Scheduling and Dynamic Pilot Allocation For Massive MIMO with Varying Traffic

by   Mehmet Karaca, et al.

In this paper, we consider the problem of joint user scheduling and dynamic pilot allocation in a Time-Division Duplex (TDD) based Massive MIMO network under varying traffic condition. One of the main problems with Massive MIMO systems is that the number of available orthogonal pilot signals is limited, and the dynamic allocation of these signals to different users is crucially needed to utilize the full benefit of these systems. In addition, pilot signals are radio resource control (RRC) configured in practice, and hence the frequent reconfiguration causes high signaling overhead and is costly. Using Lyapunov optimization framework, we develop an optimal algorithm that first assigns pilots dynamically based on queue sizes and the channel conditions of users as well as the reconfiguration cost at large time-scale. Then, it schedules users on a small-time scale. Numerical results show the efficacy of our algorithm and demonstrate that pilots do not need to be configured frequently at the expense of increased queue delay.



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I Introduction

The Massive MIMO is one of the core technologies in future 5G wireless systems in which base stations (BSs) operate with a large number of antennas. Using many antennas at the BS provides very high beamforming gain and the capability of serving multiple users simultaneously via spacial multiplexing at the same time and frequency resources. Consequently, enormous spectral efficiency can be achieved [1][2].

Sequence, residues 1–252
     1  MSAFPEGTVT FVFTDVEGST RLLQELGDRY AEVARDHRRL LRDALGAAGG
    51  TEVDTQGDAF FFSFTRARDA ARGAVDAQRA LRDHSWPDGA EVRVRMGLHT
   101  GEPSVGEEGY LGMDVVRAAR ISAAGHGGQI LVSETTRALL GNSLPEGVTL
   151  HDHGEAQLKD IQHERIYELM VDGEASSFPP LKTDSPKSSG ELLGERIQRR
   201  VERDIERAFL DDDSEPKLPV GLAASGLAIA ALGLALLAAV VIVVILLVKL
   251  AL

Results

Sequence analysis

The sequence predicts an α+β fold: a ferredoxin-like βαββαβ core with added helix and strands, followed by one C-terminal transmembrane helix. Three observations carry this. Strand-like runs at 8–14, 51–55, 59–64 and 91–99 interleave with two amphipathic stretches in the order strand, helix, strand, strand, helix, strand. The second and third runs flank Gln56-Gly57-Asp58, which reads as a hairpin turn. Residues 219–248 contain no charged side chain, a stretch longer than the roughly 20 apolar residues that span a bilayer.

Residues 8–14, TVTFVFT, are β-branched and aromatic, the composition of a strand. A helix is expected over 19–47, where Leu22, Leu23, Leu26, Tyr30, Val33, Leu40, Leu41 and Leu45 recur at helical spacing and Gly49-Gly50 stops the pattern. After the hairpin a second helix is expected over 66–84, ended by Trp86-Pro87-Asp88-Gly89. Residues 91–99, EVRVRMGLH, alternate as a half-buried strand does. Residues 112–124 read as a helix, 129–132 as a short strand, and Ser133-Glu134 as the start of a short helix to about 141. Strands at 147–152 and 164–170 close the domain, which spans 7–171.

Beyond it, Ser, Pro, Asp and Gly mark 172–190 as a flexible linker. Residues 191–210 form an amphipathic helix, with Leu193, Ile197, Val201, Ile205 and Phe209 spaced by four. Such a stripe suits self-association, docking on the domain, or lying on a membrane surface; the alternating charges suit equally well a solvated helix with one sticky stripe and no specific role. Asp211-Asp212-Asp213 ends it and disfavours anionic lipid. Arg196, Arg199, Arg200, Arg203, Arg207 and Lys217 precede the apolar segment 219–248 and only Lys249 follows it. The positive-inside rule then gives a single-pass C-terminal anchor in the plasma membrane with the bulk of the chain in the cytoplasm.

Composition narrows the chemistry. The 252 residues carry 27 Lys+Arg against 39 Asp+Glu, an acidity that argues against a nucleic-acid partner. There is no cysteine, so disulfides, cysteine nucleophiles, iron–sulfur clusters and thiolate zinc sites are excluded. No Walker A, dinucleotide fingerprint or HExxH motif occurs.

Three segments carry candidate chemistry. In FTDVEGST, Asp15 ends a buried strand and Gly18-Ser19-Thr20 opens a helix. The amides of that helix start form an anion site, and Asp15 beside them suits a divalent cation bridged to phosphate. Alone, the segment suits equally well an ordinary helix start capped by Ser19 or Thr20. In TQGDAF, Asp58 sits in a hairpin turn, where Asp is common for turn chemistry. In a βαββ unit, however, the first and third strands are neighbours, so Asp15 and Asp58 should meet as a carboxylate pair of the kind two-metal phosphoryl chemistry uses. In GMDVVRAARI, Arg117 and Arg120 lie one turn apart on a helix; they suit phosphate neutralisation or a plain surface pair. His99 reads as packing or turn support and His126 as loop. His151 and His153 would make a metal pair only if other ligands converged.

One of the main challenges for a TDD based Massive MIMO system is the accurate estimation of the channel of users. The estimation is realized through special uplink signals called as

pilot signal or Sounding Reference Signal (SRS)111 In the rest of the paper, we use these terms interchangeably. allocated to users. Multiplexing and beamforming gain can be achieved only by the users with pilot signals, and the gain and the system performance degrade when those signals are not carefully assigned to the users. For instance, the users with high amount of traffic may be preferred to have pilot signals to maximize the network throughput. On the other hand, the practical problems that obstruct the pilot allocation must also be taken into account. Specifically, pilot signals are configured through RRC signaling [3] and the frequent reconfiguration of the pilots can cause an intolerable signaling overhead in practice. Therefore, in addition to a smart SRS allocation, the minimization of the frequency of SRS configuration needs attention.

Although the impact of reusing the same pilot signals on different cells (i.e., pilot contamination) has been well investigated in the literature, the allocation of these signals with the consideration of varying user’s traffic and channel conditions has received little attention. In [4][5][6] and [7] the pilot allocation and scheduling are considered without the impact of the network traffic. In [8], the pilot allocation is done for only special messages and the results cannot be generalized.

Our contributions are summarized as follows: i-) We formulate the problem of the scheduling and pilot allocation for Massive MIMO networks with the associated signaling cost as a stochastic optimization problem under Lyapunov optimization framework; ii-) We develop an optimal algorithm that operates at two different time-scale and does not need the future knowledge of the system. We also derive analytical bounds on the performance of the optimal algorithm in terms of average queue size and the signaling cost; iii-) We implement a realistic network setting, and demonstrate the performance of our algorithm and depict the tradeoff between the signaling cost and the average queue size.

Ii System Model and Problem Formulation